Meanwhile, in the control room, George Martin planned his strategy: “I knew we needed a backwash, a general mush of sound, like if you go to a fairground, shut your eyes and listen: rifle shots, hurdy-gurdy noises, people shouting and – way in the distance – just a tremendous chaotic sound.”
George Martin then seriously considered Geoff’s previous suggestion of using cut-up sound effect tapes to get the job done. In his book “All You Need Is Ears,” George Martin gives the details (however, suggesting it was his initial idea and forgetting they had done it before the previous year for “Yellow Submarine”). “I got together a lot of recordings of old Victorian steam organs – the type you hear playing on carousels at county fairs – playing all the traditional tunes, Sousa marches and so on. But I clearly couldn’t use even a snatch of any of them that would be identifiable; so I dubbed a few of the records on to tape, gave it to the engineer (Geoff Emerick) and told him, ‘I’ll take half a minute of that one, a minute and a half of that one, a minute of that one,’ and so on.”
“‘Then what do I do with them?’ he asked. ‘You cut that tape up into sections about a foot long.’ ‘What?!!!’ ‘Cut it up into little parcels about a foot long, and don’t be too careful about the cuts.’ Clearly thinking I had lost my senses, he did it, leaving me with a bunch of pieces of tape some one foot long – about sixty in all. ‘Now what?’ ‘Fling them up in the air.’ Believing by now, I suppose, that the world had gone completely insane, he did as asked. ‘Now,’ I said, ‘pick them up in whatever order they come and stick them all back together again.’ The poor chap couldn’t contain himself. ‘What did you do that for?!!!’ You’ll see,’ I said.”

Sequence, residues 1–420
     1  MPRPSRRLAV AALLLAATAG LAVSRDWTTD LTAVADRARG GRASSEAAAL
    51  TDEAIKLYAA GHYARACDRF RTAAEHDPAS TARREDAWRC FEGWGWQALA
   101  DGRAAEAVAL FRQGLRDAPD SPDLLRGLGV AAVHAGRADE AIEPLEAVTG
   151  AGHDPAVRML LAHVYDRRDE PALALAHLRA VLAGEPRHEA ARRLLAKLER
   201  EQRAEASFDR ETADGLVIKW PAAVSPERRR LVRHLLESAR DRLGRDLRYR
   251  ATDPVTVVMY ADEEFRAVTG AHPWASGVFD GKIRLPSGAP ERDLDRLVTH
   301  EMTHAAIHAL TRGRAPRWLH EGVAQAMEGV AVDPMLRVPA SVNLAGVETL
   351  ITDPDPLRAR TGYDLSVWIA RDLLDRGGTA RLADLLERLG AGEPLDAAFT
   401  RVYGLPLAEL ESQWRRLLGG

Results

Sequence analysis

“After he had laboriously stuck them all together again, we played the tape and I said: ‘That piece there’s a bit too much like the original. Turn it round the other way, backwards.’ We went on like that until the tape was a whole amalgam of carousel noises, but meaningless in musical terms because it was composed of fragments of tunes connected in a series of fractions of a second. It was an unreal hotch-potch of sound, arrived at without rhyme or reason; but when it was added as a background ‘wash’…it did give an overall impression of being in a circus.”
However, while this was being done in the control room, things were getting a little tense out on the studio floor. “Because they couldn’t play and jam,” Geoff Emerick remembers regarding the group’s instruments being secured in another studio, “the four Beatles were getting impatient with how long it was taking us to assemble the sounds. They were out in the studio area amusing themselves as best they could, but they kept popping into the control room, saying ‘Aren’t you lot done yet?’ At one point John came in and he was actually quite aggravated, but Paul calmed him down, saying, ‘Look, it’s a process and it just takes a certain amount of time. You have to expect that.’”
The “process” was completed on this day, nineteen pieces of tape being edited together to comprise “some thirty seconds of background sound,” as Geoff described it. “It really worked well,” George Martin proudly related. “And of course John was delighted with the end result.” This compiled sound effects tape was not superimposed onto the master tape on this day, however, this waiting until more overdubbing was done to the song first. After a preliminary mono mix of the song “Good Morning Good Morning” was created, the session was over, being already 2:15 am the following day.